Easy DIY Self-Watering Planter Using Recycled Materials

Easy DIY Self-Watering Planter Using Recycled Materials

Significant benefits of SIP gardens over traditional drench and drain gardens are:

* Water savings in the range of 70-80
* No runoff of water and nutrients
* Increased producivity of edible plants
* Ease of use for all ages from childhood to old age
* Sustainability – no more short life plants due to uneven watering

All of the planters in this test garden are equipped with simple, inexpensive DIY sub-irrigation plumbing made with readily available materials. Objectives are simplicity and affordability for the mainstream market of citizens of all ages who are not gardeners per se. There is no need for a mythical green thumb when growing plants in sub-irrigated planters (SIPs).

The tools are simple but caution is advised when using a wood burning pen or box cutter. I prefer them to power tools. The wood-burning pen works well in making both the small holes (approx 1/8”) and the hole for the overflow drain valve. Push the pen tip through to the heated barrel and it will make a ½” hole for the tubing.

Look at the Flickr album to see a way to make a bubble SIP without drilling holes in clay or high-fired ceramic pots. Drilling holes in these pots is extremely difficult. The design uses the bottom drain hole for the overflow valve. See how-to photos – start here.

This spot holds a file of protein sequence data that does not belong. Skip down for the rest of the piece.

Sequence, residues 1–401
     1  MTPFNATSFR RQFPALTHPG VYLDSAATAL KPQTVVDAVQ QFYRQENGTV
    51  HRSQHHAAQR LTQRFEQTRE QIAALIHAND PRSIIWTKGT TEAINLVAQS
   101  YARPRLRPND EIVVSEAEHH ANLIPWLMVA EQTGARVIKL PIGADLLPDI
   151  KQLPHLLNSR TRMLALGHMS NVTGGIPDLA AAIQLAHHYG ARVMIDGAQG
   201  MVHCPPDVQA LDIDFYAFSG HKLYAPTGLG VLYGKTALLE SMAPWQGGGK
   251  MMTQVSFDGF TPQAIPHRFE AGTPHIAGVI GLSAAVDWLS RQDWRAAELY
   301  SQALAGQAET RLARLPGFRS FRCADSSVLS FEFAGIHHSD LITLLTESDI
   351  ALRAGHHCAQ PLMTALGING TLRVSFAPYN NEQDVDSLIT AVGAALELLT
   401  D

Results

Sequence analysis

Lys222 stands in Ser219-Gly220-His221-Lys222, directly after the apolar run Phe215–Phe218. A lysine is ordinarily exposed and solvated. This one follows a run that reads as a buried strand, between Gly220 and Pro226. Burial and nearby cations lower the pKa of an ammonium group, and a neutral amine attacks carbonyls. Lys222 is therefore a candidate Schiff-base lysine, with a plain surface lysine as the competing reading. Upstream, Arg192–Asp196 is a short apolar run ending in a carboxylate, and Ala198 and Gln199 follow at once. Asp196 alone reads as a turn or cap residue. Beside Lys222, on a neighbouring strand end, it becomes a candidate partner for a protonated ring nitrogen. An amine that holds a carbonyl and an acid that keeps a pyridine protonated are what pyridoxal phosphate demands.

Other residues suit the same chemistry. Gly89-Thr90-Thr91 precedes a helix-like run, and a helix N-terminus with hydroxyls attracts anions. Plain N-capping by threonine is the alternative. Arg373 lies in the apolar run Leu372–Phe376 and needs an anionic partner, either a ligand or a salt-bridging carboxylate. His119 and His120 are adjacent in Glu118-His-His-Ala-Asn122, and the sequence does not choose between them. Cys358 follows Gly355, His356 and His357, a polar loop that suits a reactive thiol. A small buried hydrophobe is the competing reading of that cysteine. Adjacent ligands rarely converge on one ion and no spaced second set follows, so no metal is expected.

All of the plastic and resin planters (without drain holes) shown are widely available at modest prices from stores like Home Depot, Lowe’s and Rite-Aid. They are readily adaptable to sub-irrigation using the “bubble SIP” design. The bubble metaphor reflects on the need for an online supply of both water and oxygen…just like a bubble.

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Plants benefit by the fact that their root system resides right over an immediate supply of water and oxygen with no need for an electric pump. The principle of ebb and flow is modeled after systems used in modern greenhouse production. As the water rises by capillary action and used by the plant, additional air flows into the reservoir. There is always a balance of both water and air in the reservoir. Sub-irrigation like this is, in fact, a simple form of hydroponics.

This garden style would work well on a patio, deck, or balcony. An ideal environment would be on permeable paving of some type. A bricks in sand patio works well. I have built several of them.

SIPs are a perfect solution but we have little or no educational leadership about them at this time. That will change.

source: http://www.insideurbangreen.org/2014/09/a-sub-irrigated-bubble-sip-water-conservation-test-garden–1.html

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Easy DIY Self-Watering Planter Using Recycled Materials
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